But much of her first year has been spent dealing with more basic problems — like how to pay for these ambitious projects. Asked what the biggest challenge of her new job has been so far, Jewell doesn’t hesitate. “The budget,” she said. “Navigating through a three-week shutdown, navigating through sequestration, furloughs, and being in the forever business.”

“The forever business” is a term Jewell employs frequently to refer to Interior’s responsibility for overseeing 640 million acres of public lands — a full 28 percent of the total U.S. landmass — which includes 401 National Park Service sites, as well as vast tracts of the West used for grazing and energy development.

“People expect us to do things for the long term,” she explained. “This is the longest-term focused job that I’ve had, and yet it’s the shortest-term focused budget that I’ve ever operated under. That makes no sense.”

Congressional funding for the National Park Service, which will celebrate its centennial in 2016, has declined in recent years, even as the parks themselves face mounting costs for routine maintenance, as well as new infrastructure challenges related to climate impacts. Moreover, the past year’s budget battles have hurt employee morale and sent scientists scrambling to preserve key programs.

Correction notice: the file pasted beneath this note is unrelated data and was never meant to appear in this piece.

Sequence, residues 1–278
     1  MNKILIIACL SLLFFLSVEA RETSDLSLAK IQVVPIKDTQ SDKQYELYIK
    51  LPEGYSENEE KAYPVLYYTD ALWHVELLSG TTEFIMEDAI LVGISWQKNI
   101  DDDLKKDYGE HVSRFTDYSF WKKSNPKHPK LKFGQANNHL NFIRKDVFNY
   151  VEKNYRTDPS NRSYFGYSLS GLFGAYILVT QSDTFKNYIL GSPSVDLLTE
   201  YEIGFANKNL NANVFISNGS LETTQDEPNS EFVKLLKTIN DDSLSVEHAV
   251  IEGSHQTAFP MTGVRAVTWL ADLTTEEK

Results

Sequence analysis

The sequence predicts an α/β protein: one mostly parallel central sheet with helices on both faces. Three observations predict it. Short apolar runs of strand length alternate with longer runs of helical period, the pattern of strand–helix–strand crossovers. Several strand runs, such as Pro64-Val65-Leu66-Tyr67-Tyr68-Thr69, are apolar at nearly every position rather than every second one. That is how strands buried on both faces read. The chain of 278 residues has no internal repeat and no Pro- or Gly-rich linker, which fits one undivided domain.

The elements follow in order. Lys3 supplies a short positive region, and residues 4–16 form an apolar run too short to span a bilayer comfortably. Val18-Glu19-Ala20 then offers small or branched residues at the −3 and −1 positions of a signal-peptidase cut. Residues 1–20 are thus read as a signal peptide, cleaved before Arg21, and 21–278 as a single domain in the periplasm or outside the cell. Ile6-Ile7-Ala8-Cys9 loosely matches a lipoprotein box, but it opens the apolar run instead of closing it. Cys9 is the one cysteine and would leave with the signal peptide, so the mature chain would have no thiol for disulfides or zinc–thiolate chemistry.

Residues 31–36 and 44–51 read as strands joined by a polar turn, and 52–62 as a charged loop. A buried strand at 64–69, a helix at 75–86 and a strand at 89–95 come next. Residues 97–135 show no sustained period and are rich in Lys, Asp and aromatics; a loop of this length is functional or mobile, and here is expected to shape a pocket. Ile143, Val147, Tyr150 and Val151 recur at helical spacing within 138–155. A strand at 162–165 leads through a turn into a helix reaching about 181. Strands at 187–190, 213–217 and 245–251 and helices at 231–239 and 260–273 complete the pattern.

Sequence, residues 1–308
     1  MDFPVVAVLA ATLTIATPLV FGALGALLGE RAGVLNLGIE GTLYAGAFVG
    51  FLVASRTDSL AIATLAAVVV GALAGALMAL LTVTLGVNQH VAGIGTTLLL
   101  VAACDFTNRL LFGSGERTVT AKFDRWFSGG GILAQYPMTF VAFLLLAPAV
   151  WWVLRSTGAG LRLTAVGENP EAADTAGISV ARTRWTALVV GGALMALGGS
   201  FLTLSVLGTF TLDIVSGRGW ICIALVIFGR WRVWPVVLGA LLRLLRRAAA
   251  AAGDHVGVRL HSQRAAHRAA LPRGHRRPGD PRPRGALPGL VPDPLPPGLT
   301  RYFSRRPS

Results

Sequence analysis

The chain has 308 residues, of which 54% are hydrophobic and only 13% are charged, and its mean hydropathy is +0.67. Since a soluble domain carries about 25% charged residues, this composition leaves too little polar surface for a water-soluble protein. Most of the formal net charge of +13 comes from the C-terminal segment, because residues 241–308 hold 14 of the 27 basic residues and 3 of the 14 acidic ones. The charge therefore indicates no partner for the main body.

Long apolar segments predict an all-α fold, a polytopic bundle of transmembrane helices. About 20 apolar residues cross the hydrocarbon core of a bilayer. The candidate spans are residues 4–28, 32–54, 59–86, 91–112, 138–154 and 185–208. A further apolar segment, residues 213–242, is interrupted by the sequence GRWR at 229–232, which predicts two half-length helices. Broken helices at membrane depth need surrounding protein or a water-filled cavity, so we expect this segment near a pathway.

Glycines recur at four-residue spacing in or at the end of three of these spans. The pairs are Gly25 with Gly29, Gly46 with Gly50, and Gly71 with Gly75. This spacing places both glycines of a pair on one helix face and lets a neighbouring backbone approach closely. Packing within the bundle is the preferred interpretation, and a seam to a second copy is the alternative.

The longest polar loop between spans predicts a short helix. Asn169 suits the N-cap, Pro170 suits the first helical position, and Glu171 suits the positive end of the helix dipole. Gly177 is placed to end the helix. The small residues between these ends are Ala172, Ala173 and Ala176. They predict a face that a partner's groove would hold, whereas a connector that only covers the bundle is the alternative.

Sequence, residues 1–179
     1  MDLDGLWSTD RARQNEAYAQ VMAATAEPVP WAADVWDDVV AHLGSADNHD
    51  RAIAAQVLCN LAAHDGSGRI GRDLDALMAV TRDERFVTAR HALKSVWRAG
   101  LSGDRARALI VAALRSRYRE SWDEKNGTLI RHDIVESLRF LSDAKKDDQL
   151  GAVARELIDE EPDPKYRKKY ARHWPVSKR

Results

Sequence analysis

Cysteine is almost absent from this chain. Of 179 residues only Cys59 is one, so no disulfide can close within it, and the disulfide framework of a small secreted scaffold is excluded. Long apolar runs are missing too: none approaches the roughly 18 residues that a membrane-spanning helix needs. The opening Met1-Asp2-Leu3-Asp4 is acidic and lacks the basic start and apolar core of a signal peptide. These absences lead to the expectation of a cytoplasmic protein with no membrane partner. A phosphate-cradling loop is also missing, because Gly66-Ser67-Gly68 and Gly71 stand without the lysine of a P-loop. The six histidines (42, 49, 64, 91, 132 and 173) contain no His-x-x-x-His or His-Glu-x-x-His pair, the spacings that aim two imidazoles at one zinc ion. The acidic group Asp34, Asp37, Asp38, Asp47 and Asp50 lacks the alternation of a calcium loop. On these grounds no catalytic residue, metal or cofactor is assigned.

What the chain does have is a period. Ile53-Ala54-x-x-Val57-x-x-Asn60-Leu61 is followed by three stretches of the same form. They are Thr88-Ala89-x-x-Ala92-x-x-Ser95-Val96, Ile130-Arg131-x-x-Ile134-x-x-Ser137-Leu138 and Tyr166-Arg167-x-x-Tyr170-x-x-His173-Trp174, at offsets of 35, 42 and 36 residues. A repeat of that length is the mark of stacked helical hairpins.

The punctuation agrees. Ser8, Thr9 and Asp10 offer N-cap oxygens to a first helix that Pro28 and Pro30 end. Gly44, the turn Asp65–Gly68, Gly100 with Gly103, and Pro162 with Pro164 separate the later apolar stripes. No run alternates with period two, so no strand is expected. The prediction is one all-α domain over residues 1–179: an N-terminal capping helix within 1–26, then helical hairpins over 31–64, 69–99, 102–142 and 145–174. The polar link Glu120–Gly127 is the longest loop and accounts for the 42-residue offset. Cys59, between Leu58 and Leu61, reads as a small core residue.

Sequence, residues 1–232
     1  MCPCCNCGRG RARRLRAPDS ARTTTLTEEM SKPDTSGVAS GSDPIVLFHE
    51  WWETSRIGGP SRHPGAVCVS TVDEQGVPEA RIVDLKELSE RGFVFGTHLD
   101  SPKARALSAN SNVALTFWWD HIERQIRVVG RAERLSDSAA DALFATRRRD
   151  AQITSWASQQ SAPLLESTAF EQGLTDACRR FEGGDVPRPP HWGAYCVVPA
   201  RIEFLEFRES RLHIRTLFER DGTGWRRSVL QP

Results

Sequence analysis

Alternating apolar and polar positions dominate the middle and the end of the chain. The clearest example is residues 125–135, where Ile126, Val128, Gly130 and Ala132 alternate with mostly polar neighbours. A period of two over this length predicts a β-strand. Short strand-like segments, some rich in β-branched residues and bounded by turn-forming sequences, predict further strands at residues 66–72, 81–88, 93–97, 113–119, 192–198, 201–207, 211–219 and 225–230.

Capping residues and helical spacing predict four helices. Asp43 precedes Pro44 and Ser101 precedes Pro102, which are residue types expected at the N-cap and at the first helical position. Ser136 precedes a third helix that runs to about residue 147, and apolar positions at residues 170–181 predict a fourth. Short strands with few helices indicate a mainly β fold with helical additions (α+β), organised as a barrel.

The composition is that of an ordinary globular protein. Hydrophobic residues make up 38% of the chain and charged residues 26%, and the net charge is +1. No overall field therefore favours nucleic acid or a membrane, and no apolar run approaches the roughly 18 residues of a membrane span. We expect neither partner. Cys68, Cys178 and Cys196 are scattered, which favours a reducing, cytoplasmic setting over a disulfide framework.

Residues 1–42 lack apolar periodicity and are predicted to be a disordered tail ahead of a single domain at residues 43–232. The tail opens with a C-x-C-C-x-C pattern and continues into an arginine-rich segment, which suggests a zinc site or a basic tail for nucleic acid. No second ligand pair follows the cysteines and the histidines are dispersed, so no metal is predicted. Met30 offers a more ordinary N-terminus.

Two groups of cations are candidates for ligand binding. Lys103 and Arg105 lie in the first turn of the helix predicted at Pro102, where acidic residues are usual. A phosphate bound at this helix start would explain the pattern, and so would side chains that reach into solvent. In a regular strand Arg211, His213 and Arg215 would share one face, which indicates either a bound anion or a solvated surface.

“It’s been very difficult for staff to know whether they have a job or not, whether they continue their research or not,” Jewell said.

Indeed, at Mount Rainier, the disappearing glacier isn’t the only source of worry for Jewell and the scientists. Funding for the program that monitors Nisqually’s elevation changes was cut last year, and the geologist who was supposed to collect the data has been put on long-term furlough, jeopardizing the entire project.

“We can’t let it go,” said Paul Kennard, a geomorphologist with the National Park Service. Somehow, the team said, they hoped to figure out a solution to keep the research going.

The budget situation is just the most obvious challenge Jewell has faced in her first year at Interior, an anniversary she’ll mark on April 12. Other challenges, such as the struggle to get the Senate to confirm her deputies and a House effort to cut off the administration’s best tool for granting new protections for public lands, have been less visible, but no less significant.

Together, they have at times made Jewell’s first year in Washington one of frustration.

Jewell listens to Mount Rainier park rangers and scientists describe the park's long-term glacier monitoring program. Funding for one type of glacier monitoring in the park was cut last year.
Kate Sheppard
Jewell listens to Mount Rainier park rangers and scientists describe the park’s long-term glacier monitoring program. Funding for one type of glacier monitoring in the park was cut last year.

“I‘ve never been in a job before where, no matter what I do, somebody is unhappy with me,” Jewell told HuffPost. “I have found that just about every decision I make gets sued,” she added.

This is especially true when it comes to decisions about how public lands are used. The agency must balance competing priorities when it does or does not lease public lands for oil and gas development, or decides what should be preserved for its environmental and recreational values. One way Jewell has tried to bring equilibrium is by developing new “master leasing plans” for vast regions of Wyoming, Utah, Montana, and Colorado.